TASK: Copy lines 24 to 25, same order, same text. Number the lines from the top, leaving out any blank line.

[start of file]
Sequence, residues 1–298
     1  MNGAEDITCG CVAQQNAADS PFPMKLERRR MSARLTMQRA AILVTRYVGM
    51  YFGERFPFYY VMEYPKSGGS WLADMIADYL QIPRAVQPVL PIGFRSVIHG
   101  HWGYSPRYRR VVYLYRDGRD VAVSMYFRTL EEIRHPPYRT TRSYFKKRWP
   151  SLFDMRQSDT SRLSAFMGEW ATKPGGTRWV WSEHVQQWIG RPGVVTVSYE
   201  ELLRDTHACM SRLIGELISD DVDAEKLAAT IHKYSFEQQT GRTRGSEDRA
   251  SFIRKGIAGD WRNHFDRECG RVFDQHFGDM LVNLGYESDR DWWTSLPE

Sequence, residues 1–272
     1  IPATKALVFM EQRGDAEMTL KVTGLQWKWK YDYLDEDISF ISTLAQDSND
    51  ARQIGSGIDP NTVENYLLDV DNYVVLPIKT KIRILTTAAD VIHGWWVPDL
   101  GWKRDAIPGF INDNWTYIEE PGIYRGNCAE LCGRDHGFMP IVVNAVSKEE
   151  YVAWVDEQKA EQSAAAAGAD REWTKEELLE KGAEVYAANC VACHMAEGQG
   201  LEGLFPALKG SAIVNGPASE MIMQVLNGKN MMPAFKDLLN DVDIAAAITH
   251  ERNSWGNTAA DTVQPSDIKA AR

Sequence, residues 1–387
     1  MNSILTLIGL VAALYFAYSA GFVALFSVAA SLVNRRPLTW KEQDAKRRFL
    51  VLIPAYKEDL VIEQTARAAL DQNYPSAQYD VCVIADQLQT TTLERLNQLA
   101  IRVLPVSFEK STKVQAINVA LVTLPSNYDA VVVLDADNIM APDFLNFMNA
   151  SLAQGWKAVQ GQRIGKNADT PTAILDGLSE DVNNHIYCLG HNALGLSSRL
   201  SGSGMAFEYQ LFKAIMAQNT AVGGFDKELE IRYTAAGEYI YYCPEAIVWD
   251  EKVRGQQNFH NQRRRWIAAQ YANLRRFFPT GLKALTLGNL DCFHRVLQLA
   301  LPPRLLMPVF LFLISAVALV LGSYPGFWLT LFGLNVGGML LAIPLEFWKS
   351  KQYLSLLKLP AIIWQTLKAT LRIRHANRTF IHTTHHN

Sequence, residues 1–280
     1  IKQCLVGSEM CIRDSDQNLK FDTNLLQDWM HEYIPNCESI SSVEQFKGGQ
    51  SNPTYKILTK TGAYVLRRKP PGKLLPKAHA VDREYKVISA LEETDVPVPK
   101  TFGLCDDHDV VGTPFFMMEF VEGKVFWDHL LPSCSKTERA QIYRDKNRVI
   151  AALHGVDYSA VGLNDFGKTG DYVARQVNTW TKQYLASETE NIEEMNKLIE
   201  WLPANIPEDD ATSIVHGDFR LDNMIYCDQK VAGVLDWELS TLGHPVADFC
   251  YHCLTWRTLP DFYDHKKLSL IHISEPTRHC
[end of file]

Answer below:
Sequence, residues 1–280
     1  IKQCLVGSEM CIRDSDQNLK FDTNLLQDWM HEYIPNCESI SSVEQFKGGQ